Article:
“Sandy has been retired from the official list of Atlantic Basin tropical cyclone names by the World Meteorological Organization’s hurricane committee because of the extreme impacts it caused from Jamaica and Cuba to the Mid-Atlantic United States in October 2012,” says an announcement on the web site of Miami’s National Hurricane Center.
The NHC explained that “storm names are reused every six years for both the Atlantic and eastern North Pacific basins. If a storm is so deadly or costly that the future use of the name would be insensitive or confusing, the WMO hurricane committee, which includes personnel from NOAA’s National Hurricane Center, may retire the name. Sandy is the 77th name to be retired from the Atlantic list since 1954. The name will be replaced with ‘Sara’ beginning in 2018.”
The NHC described Sandy as a “classic late-season hurricane in the southwestern Caribbean Sea.” It made landfall as a category 1 hurricane (on the Saffir-Simpson Hurricane Wind Scale) in Jamaica, and as a 115 mph [184 km/h] category 3 hurricane in eastern Cuba.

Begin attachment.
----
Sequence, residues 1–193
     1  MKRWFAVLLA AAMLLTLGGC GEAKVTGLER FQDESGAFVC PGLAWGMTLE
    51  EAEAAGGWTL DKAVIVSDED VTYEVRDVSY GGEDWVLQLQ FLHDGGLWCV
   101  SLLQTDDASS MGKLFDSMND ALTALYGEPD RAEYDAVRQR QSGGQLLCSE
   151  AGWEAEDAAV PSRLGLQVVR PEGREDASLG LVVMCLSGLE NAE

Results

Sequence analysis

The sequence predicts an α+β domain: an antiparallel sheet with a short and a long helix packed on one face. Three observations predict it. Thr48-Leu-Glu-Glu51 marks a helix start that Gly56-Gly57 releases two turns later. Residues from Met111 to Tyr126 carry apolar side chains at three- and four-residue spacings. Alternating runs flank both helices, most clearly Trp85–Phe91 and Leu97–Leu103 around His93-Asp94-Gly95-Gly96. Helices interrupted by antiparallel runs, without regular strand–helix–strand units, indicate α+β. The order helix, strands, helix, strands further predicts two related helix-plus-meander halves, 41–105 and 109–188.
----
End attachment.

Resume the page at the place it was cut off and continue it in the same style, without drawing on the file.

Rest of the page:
As Hurricane Sandy approached the eastern U.S, it “merged with a frontal system hours before making landfall as a post-tropical cyclone near Brigantine, N.J., and its size and strength caused catastrophic damage all along the mid-Atlantic shoreline.
“Because of its tremendous size, Sandy drove a catastrophic storm surge into the New Jersey and New York coastlines,” the NHC said. “Preliminary U.S. damage estimates are near $50 billion, making Sandy the second-costliest cyclone since Katrina to hit the United States. There were at least 147 direct deaths recorded across the Atlantic basin due to Sandy, with 72 of these fatalities occurring in the mid-Atlantic and northeastern United States.
“Sandy caused the greatest number of U.S. direct fatalities related to a tropical cyclone outside of the southern states since Hurricane Agnes in 1972.”
Source: National Hurricane Center